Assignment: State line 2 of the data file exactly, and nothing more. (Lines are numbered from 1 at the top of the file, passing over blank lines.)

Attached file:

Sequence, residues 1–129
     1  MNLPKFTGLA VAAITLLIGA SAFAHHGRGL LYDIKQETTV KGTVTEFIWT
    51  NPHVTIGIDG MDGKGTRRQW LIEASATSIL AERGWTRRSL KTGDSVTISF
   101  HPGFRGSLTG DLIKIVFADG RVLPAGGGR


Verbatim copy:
     1  MNLPKFTGLA VAAITLLIGA SAFAHHGRGL LYDIKQETTV KGTVTEFIWT